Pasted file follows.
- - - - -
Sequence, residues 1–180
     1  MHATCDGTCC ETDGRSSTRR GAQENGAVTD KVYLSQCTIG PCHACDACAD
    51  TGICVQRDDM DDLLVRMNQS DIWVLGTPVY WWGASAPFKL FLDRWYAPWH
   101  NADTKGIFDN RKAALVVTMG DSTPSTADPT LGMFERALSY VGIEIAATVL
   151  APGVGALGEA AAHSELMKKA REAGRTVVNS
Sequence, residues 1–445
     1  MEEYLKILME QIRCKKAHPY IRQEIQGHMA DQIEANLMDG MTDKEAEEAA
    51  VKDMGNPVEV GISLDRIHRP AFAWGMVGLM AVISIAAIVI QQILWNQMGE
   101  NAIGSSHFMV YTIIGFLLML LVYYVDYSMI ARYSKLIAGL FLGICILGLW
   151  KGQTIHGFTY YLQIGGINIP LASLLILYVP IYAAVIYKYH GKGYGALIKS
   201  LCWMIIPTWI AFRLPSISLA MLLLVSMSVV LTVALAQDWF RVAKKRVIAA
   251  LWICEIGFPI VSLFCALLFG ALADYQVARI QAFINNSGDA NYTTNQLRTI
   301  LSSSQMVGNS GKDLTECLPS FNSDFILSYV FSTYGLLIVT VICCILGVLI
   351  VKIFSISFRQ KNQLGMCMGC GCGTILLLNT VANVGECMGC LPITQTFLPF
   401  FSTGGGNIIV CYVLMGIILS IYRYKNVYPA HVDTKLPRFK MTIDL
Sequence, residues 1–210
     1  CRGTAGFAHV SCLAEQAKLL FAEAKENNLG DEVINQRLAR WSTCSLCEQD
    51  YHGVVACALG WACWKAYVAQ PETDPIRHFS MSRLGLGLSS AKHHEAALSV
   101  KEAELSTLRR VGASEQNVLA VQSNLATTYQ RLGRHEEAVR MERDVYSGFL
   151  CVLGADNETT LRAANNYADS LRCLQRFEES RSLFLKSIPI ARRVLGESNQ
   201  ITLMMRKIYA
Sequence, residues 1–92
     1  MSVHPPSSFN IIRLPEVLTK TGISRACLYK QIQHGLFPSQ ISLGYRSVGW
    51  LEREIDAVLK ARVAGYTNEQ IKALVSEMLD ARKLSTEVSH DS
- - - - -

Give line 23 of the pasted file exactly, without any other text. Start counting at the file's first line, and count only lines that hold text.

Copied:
     1  MSVHPPSSFN IIRLPEVLTK TGISRACLYK QIQHGLFPSQ ISLGYRSVGW